As we begin a new year, the end of the GHSA wrestling season also approaches. This week, wrestlers from all over the state of Georgia will “meet” up at the Gwinnett Arena to determine who the best of the best is. Along with the occasional bloody nose and lacerated eyebrow, wrestlers also have to be conscious of their skin. There are many common skin disorders that surround contact sports, and with the upcoming GHSA State Wrestling Championship, I thought it might be helpful to list a few of them here. As a partner in Sports Medicine for the GHSA, Dr. Levengood and his staff will be providing on-site medical coverage for the tournament and will also take part in the mandatory skin checks that all wrestlers must submit to and pass before being eligible to compete. While it is the responsibility of the athletes’ parents and coaches to be aware and educated on skin disorders and communicable diseases, it ultimately falls onto the shoulders of the evaluating physician of the event (i.e. Dr. Levengood).
Here are some common skin disorders and the signs* and symptoms* to be aware of or look for if you or someone you love competes in any contact sport:
Herpes Gladiatorum: skin disease caused by the herpes simplex virus type 1; spread by skin to skin contact; most commonly found on the head/neck
Signs: clusters of small blisters (sometimes fluid-filled) like those seen with chickenpox
Symptoms: fever, sore throat, headache
In order to be cleared for competition, the physician covering the event must determine that the athlete is fever free, cannot have had any new blisters within 3 days of clearance, any old blisters must be crusted over, and the athlete must be on medication for at least 5 days before the event.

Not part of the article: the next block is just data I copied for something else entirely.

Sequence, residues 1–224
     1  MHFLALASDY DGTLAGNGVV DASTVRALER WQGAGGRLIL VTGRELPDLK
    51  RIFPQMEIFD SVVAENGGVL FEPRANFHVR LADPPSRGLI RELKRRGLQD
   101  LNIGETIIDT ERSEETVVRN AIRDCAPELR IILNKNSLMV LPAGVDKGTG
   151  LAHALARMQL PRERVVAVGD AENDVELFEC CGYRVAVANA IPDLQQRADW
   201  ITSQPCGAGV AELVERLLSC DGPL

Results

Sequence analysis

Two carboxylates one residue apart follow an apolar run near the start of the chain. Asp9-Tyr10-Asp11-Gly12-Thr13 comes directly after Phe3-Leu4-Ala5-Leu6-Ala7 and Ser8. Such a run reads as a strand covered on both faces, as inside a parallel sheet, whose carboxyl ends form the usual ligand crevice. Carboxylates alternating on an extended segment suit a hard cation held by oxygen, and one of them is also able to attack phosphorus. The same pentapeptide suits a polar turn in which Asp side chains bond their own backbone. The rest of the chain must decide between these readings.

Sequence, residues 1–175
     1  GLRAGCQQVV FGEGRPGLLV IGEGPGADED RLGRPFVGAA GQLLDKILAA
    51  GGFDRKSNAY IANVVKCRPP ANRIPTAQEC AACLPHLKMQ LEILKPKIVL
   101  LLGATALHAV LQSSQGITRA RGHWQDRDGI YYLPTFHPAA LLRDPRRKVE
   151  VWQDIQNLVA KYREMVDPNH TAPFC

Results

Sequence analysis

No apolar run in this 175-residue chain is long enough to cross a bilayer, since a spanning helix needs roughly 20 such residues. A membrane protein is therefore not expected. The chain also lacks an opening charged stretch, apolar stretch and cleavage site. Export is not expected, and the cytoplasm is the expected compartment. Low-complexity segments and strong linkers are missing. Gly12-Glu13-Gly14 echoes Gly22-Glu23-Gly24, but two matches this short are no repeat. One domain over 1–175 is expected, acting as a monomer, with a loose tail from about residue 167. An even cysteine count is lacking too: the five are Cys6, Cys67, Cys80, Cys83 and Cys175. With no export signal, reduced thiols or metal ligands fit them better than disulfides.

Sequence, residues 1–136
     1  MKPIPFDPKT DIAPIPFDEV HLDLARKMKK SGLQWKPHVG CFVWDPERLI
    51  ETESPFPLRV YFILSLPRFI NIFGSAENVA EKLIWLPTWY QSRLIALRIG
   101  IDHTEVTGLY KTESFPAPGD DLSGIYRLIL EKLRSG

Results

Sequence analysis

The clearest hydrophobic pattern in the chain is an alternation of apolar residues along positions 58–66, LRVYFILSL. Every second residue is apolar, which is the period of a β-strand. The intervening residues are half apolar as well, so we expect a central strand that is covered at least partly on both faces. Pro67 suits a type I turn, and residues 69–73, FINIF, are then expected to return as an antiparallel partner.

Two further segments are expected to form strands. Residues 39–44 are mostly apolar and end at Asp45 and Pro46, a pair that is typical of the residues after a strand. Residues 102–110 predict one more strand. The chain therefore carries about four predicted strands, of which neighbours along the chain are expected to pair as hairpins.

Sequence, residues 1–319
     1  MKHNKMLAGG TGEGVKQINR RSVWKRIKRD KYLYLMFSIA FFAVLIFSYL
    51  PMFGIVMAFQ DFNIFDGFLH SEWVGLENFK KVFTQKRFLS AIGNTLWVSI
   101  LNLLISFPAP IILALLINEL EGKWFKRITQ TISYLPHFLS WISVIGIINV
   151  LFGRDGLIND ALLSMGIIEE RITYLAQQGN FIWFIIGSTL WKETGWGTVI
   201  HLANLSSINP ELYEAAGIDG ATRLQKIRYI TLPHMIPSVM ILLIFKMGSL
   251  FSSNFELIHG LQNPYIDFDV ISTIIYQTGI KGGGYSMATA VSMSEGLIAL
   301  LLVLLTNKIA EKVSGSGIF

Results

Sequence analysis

Staph Infection (Impetigo, Folliculitis, MRSA)
Impetigo: bacterial skin infection caused by strep/staphylo-coccus; spread by close contact or sharing towels, sheets, etc; can also spread by scratching; most commonly found around the nose and mouth
Signs/Symptoms: sores begin as small red spots and change to blisters that eventually open; sores often ooze fluid or look crusted over (may be painful/itchy)
Folliculitis: bacterial skin infection caused by strep/staphylo-coccus; inflammation of one/more of the hair follicles; occurs with close personal contact; typically occur on neck, axilla, or groin area
Signs/Symptoms: rash; pimples or pustules around hair follicle; may crust over; itchy skin
MRSA (methicillin-resistant staphylococcus aureus): bacteria that causes infections in other parts of the body; tougher to treat because it’s resistant to most commonly used antibiotics; can be transmitted by skin-skin contact
Signs: red, swollen painful abscess; may be puss-filled; often mistaken for an insect bite or pimple; fever
Symptoms: cough, shortness of breath, chills
For all of the above Staph infections, in order for an athlete to be cleared for competition, the physician covering the event must determine that the athlete has been on a course of antibiotics for at least 3 days and has had no new sores for at least 2 days prior to competition. All lesions must be covered with bandages that will not fall off during competition from sweat or contact.
These are just some of the common skin infections that are associated with contact sports. It is important for parents/coaches to become familiar with many different types of skin disorders to properly identify lesions and know when medical intervention is necessary. Prevention is the best way to protect yourself from any infection, viral or bacterial. Always wash your hands with soap and water after any contact with possible contaminated surfaces (i.e. other people, using the bathroom, etc). In terms of athletics, always be sure to wash your athletic equipment, make sure proper cleaning techniques are used on community equipment (benches, machines, mats, tables) and identify any skin lesions/abnormalities as soon as you can so that treatment can take place as soon as possible.
*Sign: what is objectively discovered during a physical examination (elevated blood pressure)
*Symptom: experienced and reported by the patient (nausea, headache)